As to thr 'firey' part maybe its the intent that a thrusting kick gives the aggresive manner in which it is used and the explosion of power that can be generated by that motion? Just a thought.
 

Michael Stinson

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Indeed...

So...are the feet used to knock away attackers, or can they initiate an attack likewise. And also, why now, what about them makes them 'fiery' for this element training?

Keep in mind it is not so much the kick itself that is fiery. It is more of when you use the kick in relation to the timing and intent of the ukes attack and your own connection/feeling to said intent.

Example: The uke approaches you from your left side casually. As he approaches something in his demeanor changes...a tightening of his breath, a twitch of his eyes, an imperceptable change in his stride, etc...something in you says DANGER. The very moment his brain sends an impulse to his arm to shoot out and attack you your body is connected to his and sinks in, rotates your spine and hip and launches out your heel into his hip catching his timing perfectly to send him flying back or down to the ground.

The kicks by themselves can be used in whatever element you find yourself in based on the nature of your emotional response, timing, distancing, etc.

In the drill I mentioned above the students are encouraged to throw their kicks towards the person that they feel is just about to attack. Its great fun to see the kick land right as the pad holder starts to make his noise...and to see the look of surprise that they were shut down the moment their brain said go (or even better the moment JUST before the moment)!
 

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In the drill I mentioned above the students are encouraged to throw their kicks towards the person that they feel is just about to attack. Its great fun to see the kick land right as the pad holder starts to make his noise...and to see the look of surprise that they were shut down the moment their brain said go (or even better the moment JUST before the moment)!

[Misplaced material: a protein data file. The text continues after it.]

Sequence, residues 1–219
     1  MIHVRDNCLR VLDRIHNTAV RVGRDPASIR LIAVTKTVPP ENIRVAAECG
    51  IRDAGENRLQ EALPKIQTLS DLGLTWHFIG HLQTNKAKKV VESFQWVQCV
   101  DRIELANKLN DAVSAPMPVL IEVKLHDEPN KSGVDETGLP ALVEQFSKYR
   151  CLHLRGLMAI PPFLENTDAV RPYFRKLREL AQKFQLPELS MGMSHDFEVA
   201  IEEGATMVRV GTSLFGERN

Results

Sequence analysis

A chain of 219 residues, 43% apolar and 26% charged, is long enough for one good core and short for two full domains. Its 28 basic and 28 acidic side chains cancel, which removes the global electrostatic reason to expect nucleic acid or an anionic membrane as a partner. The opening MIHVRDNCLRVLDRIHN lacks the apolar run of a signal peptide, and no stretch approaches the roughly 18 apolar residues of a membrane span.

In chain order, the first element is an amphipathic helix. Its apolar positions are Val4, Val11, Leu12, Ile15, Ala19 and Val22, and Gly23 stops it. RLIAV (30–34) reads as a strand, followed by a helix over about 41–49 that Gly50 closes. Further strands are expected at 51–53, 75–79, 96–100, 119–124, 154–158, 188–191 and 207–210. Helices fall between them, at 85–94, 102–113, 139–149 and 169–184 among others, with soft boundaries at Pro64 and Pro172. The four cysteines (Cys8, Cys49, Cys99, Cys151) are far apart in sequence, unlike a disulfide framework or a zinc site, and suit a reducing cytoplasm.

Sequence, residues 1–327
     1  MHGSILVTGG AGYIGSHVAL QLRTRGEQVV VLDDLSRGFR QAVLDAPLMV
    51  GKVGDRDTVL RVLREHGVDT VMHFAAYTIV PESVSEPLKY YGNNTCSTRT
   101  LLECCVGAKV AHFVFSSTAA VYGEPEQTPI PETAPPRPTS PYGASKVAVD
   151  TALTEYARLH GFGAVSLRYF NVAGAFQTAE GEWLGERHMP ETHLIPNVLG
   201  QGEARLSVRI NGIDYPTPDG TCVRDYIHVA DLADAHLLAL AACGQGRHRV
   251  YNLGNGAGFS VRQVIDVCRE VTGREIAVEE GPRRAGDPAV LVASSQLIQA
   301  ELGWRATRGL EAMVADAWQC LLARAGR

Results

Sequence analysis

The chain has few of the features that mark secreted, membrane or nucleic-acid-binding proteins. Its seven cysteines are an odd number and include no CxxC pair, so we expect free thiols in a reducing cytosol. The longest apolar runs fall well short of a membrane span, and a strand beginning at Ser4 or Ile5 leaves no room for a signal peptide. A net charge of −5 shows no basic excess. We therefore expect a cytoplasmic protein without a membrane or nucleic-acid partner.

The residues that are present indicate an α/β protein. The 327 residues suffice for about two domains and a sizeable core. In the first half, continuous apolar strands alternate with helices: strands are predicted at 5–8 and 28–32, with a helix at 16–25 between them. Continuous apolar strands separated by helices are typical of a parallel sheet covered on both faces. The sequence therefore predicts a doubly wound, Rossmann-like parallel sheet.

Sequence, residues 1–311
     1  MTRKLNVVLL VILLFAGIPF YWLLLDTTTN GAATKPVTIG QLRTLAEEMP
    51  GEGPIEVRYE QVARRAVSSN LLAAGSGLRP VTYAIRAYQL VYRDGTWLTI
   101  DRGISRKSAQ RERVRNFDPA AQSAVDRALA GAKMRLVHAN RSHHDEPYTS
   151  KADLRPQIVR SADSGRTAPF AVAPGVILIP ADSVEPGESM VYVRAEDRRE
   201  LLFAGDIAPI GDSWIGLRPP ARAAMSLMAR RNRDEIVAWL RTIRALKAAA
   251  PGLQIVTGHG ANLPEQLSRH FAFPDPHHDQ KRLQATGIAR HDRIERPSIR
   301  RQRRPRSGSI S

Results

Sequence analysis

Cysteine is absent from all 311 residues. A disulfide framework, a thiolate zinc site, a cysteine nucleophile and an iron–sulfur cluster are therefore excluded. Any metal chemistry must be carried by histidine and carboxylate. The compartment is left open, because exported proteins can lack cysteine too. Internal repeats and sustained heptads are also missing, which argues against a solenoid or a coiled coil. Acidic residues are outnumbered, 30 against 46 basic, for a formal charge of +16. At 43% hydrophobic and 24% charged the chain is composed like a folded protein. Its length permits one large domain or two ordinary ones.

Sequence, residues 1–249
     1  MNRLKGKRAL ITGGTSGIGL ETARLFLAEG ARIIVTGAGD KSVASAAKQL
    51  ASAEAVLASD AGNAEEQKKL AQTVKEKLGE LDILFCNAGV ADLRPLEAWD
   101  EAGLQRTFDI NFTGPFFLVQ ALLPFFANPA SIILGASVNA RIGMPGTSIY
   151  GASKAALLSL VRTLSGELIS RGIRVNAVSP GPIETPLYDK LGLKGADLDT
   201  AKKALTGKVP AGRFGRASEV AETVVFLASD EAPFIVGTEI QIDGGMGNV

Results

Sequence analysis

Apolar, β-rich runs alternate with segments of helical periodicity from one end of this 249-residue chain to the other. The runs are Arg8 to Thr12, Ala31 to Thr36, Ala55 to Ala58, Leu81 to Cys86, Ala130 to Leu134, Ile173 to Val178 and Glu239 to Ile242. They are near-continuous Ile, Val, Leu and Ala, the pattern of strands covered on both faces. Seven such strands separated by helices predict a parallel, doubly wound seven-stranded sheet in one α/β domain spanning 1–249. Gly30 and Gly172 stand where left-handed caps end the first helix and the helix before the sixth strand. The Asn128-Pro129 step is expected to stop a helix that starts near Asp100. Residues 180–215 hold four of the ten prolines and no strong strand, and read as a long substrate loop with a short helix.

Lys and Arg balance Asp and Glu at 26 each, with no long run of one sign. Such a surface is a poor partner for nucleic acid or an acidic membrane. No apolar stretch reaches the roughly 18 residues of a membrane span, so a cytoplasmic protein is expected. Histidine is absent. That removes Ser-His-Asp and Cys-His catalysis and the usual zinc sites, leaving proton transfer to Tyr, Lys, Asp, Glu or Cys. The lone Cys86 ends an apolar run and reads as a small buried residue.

Do you discuss the legal ramifications of this type of response? In terms of the average bystander's knowledge of martial arts (read, none) this makes you look like the aggressor.
 

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Do you discuss the legal ramifications of this type of response? In terms of the average bystander's knowledge of martial arts (read, none) this makes you look like the aggressor.

Never thought about that Kreth but yes because "IF" you initiate the attack by "predetermining" (spelling) the intent of action then yes you are the agressor. I doubt many judges have done the Sakki test maybe after the Human weapon episode airs they might consider that but doubt it so yes I would suggest measured intial response. Sorry about the mini rant.
 

Michael Stinson

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Do you discuss the legal ramifications of this type of response? In terms of the average bystander's knowledge of martial arts (read, none) this makes you look like the aggressor.

Kreth,

Very simply yes. We spend a great deal of time discussing the legal ramifications of any self defense application be it from a strike first perspective or from a more 'defensive' perspective. Hand positioning, body positioning, what you say during the altercation, as well as what you say after the altercation to the arriving officer etc. More importantly we not only discuss descalation...but we actually practice it during our scenarios. The ukes do not always attack...they decide whether or not they have been de-escalated and respond accordingly at times.

Quite truthfully the average bystander, once the situation begins and the adrenal stress occurs, is not going to be sure/remember exactly what they saw the majority of the time. I have experienced this first hand in both scenario based training as well as real life altercations.